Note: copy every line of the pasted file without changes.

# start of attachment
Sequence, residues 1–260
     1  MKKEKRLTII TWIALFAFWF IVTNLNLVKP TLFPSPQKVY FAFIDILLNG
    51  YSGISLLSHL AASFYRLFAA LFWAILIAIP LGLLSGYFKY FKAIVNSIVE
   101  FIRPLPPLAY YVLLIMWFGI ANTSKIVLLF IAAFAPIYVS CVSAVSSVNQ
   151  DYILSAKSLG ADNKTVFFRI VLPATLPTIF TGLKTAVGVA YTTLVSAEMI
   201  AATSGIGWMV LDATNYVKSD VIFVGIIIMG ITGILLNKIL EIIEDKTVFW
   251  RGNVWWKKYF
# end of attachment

Sequence, residues 1–260
     1  MKKEKRLTII TWIALFAFWF IVTNLNLVKP TLFPSPQKVY FAFIDILLNG
    51  YSGISLLSHL AASFYRLFAA LFWAILIAIP LGLLSGYFKY FKAIVNSIVE
   101  FIRPLPPLAY YVLLIMWFGI ANTSKIVLLF IAAFAPIYVS CVSAVSSVNQ
   151  DYILSAKSLG ADNKTVFFRI VLPATLPTIF TGLKTAVGVA YTTLVSAEMI
   201  AATSGIGWMV LDATNYVKSD VIFVGIIIMG ITGILLNKIL EIIEDKTVFW
   251  RGNVWWKKYF